Smart Tech for a better Web
Recently I wanted to include Dropzone as AngularJS directive in my app. Dropzone lets you upload files to your server with drag and drop. I wrote a tiny CMS with some kind of file manager for images. The page shows several folders, and if you click one Dropzones upload url needs needs to change.
First I wrote a simple HTML-Snippet:
The new attribute “dropzone” points to a model which holds the reference with the current path to upload. Now let’s look at the dropzone directive. All changes to the model “openFolder” need to be recognized, because in this case the URL has changed.
With the “restrict” property ‘A’ I define the directive can only be applied as an attribute. I also could have made an element of it and deliver all the necessary HTML, but I liked it more that way.
The interesting part comes with the “scope” property. Everything inside the scope object is put in the scope of the directive (surprise). With
I put the the model referenced in the HTML attribute into my scope. In other terms, inside my directive I can access a “dropzone” which references the “openFolder”. “openFolder” is an attribute from my parent scope.
With having a new attribute in my scope I am able to create an observer which fires when the value changes. This is being done with the $watch-directive.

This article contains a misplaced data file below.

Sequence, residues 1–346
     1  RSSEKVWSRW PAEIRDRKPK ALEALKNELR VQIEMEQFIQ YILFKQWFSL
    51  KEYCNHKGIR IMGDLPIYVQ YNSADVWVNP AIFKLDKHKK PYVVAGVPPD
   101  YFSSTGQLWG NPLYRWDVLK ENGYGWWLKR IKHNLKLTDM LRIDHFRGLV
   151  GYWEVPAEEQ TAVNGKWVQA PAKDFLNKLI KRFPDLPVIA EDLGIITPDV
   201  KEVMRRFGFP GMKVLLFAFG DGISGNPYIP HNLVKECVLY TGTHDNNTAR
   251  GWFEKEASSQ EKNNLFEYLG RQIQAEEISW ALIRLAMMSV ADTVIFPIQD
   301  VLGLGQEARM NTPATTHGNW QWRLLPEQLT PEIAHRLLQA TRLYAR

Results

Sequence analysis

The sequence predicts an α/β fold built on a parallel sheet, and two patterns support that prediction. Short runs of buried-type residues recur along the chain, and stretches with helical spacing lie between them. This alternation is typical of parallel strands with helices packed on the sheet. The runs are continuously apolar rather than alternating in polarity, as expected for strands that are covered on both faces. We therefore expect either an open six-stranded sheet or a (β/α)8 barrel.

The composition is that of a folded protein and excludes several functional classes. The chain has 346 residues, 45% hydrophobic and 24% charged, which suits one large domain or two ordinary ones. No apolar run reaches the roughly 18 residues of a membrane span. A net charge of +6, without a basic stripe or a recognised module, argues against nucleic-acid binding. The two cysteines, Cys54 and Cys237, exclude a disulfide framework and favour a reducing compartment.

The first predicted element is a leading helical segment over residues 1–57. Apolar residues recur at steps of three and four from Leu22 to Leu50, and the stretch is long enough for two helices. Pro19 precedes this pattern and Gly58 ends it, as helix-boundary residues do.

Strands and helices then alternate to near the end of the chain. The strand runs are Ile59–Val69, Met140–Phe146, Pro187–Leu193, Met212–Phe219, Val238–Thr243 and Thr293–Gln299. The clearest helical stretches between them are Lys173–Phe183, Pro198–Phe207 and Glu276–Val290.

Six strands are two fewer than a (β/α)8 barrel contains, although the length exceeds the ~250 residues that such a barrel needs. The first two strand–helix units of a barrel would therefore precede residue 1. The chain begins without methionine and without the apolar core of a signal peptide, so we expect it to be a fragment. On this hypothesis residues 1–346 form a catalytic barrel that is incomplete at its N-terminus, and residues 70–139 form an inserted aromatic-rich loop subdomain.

The documentation speaks of “setting a bi-directional binding between a local scope property and the parent scope property”. The name of the parent scope property is defined by the value of dropzone=””.
It took me a while to find out how this worked, although it looks very easy. My problem was that my local scope property was named different than the HTML attribute. For example, it looked like this:
The trick is to name the local scope property exactly like the attribute. If you use “aaa” as local scope property, how should AngularJS know which model you refer too? The definition is stored in some HTML attribute, but there is only dropzone=””.
But if you want to avoid using names of HTML attributes in your local scope you might want to know there is a solution.
This would map the model defined in the dropzone attribute to the local scope property “aaa”.
Basically you can map all models you like into your local scope. If you have a second attribute which references a models name, just map it like we did above. While this can become very useful I think one needs to be very careful not to rely on to many attributes. This can generate implicit knowledge of the kind “you need to know there must be 5 attributes referencing to $x”. Also you need to know how the tag attributes are named. This can be confusing and your directive isn’t any longer independent from the markup.
A solution could be to create a full-fledged component which brings it’s own HTML with it. But as long as you only need one model which is referenced in the attribute which shares the name with the directive this is just a fine feature.
There are more scope options waiting for you. Please check out the directive guide of AngularJS. Be warned it’s not really easy to understand it.